Letter from Horace Hotchkiss, 12 April 1842

  • Source Note
  • Historical Introduction

Document Transcript

12 April 1842
Joseph Smith Esqr.
Dr Sir— Yours of 10th. is at hand— I am at this time exceedingly busy and shall therefore reply in very few words— Mr [Smith] Tuttle has written to relative to the lands in his vicinity and we shall soon know the opinion of upon the subject of their value— I am aware of the total failure of the State Bank of and can readily perceive that it leaves your without a sound currency but being a stockholder in that Bank I will receive in payment of interest say three to six <​thousand​> dollars of the notes of this institution at par and if you or your friends should not have it on hand you can no doubt borrow it on very favourable terms—
With the highest Respect I am your Obt Sevt
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<​ CT.​> <​Apr 12​>
<​25​>
Rev. Jos. Smith
Hancock County
Illinois [p. [4]]

Footnotes

  1. 1

    Though this letter and others from Hotchkiss to JS, as well as from Hotchkiss to his business partners, are addressed from or have a postal stamp from Fair Haven, Connecticut, Hotchkiss gave his legal place of residence as nearby New Haven. (Bonds from Horace Hotchkiss, 12 Aug. 1839–A and B.)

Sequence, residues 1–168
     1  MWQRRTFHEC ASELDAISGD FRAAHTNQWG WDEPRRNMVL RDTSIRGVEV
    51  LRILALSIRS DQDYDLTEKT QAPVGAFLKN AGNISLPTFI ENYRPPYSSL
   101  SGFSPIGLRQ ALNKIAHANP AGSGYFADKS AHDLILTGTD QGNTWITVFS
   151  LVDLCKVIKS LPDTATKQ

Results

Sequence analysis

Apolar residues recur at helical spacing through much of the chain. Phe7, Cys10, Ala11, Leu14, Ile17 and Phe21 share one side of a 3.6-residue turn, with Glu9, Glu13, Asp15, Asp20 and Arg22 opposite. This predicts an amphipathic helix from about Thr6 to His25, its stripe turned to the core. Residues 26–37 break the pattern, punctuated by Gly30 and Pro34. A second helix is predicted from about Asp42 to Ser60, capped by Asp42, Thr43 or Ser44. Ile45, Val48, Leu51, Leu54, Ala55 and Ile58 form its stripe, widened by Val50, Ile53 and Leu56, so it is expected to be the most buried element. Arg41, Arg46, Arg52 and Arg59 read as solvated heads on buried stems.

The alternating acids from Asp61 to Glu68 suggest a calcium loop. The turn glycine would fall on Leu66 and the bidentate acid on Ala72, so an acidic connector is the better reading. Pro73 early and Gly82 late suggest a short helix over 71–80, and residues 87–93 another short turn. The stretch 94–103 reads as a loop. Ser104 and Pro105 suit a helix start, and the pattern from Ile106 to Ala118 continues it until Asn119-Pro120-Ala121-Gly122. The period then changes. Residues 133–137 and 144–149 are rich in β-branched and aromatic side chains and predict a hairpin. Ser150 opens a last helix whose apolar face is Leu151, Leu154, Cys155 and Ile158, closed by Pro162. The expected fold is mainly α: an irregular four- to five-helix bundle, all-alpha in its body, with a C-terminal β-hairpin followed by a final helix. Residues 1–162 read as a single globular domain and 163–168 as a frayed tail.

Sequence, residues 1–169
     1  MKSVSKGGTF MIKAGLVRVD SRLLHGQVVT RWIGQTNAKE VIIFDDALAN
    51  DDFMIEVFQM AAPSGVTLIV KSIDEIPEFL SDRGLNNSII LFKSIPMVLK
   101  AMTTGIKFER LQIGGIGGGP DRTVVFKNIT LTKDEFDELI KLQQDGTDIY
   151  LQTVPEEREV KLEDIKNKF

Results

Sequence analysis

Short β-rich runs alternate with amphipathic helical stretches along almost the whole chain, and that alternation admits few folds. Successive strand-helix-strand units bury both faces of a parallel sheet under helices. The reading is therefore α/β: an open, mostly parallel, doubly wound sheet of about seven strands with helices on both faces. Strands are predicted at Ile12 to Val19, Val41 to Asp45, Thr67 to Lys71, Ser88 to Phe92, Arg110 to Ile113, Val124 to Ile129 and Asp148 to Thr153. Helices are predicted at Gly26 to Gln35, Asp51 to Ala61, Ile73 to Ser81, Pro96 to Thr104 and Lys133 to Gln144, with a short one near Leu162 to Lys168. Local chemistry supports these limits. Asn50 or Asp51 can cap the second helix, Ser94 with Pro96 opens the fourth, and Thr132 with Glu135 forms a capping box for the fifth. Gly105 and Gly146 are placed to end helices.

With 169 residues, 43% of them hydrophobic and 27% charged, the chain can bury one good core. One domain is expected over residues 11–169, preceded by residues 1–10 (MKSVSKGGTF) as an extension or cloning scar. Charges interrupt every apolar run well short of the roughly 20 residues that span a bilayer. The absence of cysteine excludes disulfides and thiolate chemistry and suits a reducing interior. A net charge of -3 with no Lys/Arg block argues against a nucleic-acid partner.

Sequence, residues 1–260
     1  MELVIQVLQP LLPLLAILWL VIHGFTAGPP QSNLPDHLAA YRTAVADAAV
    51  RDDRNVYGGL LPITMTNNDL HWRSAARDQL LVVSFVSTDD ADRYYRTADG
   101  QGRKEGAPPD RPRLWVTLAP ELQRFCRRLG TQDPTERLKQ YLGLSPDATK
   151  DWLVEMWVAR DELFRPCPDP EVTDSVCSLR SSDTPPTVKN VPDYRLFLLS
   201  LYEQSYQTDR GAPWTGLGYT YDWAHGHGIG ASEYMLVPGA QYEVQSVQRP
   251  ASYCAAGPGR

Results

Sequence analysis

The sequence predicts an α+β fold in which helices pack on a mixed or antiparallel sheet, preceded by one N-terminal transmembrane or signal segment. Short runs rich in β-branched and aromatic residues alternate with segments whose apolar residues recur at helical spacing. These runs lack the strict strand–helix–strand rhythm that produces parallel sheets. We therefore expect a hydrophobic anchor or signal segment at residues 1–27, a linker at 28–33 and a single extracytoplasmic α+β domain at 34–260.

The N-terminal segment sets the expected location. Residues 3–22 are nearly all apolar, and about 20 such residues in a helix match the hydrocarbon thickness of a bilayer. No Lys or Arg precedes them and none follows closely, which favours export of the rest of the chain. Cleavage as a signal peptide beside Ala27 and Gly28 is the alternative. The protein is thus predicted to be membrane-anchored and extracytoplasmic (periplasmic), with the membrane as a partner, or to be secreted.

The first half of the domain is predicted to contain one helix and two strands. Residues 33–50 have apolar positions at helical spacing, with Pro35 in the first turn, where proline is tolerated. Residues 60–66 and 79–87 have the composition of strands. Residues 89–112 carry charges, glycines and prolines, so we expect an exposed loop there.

2. 2

    In his 10 March 1842 letter to Hotchkiss, JS stated that Dr. Barton Robinson “has property in the neighbourhood of Mr Gillet to the amount of $5,000. and proposes an exchange for property in Nauvoo, and I understand Mr Gillett is willing to take the property.” Gillet lived in Lake Fork, Logan County, Illinois. (Letter to Horace Hotchkiss, 10 Mar. 1842; John Gillet, Lake Fork, IL, to Smith Tuttle, Fair Haven, CT, 10 June 1841, Gillett Family Papers, 1736–1904, Abraham Lincoln Presidential Library, Springfield, IL.)  

    Gillett Family Papers, 1736–1904. Abraham Lincoln Presidential Library, Springfield, IL.

  3. 3

    Describing the failure of the Illinois State Bank in February 1842, former governor Thomas Ford wrote that the devaluation of specie left the people “almost entirely without a circulating medium.” (Ford, History of Illinois, 223; and “State Bank of Illinois,” Times and Seasons, 15 Mar. 1842, 3:728–729.)  

    Ford, Thomas. A History of Illinois, from Its Commencement as a State in 1818 to 1847. Containing a Full Account of the Black Hawk War, the Rise, Progress, and Fall of Mormonism, the Alton and Lovejoy Riots, and Other Important and Interesting Events. Chicago: S. C. Griggs; New York: Ivison and Phinney, 1854.

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    Circular postmark stamped in blue ink.  

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    Unidentified handwriting in blue ink within the circular postmark.  

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    Postage in blue ink in unidentified handwriting.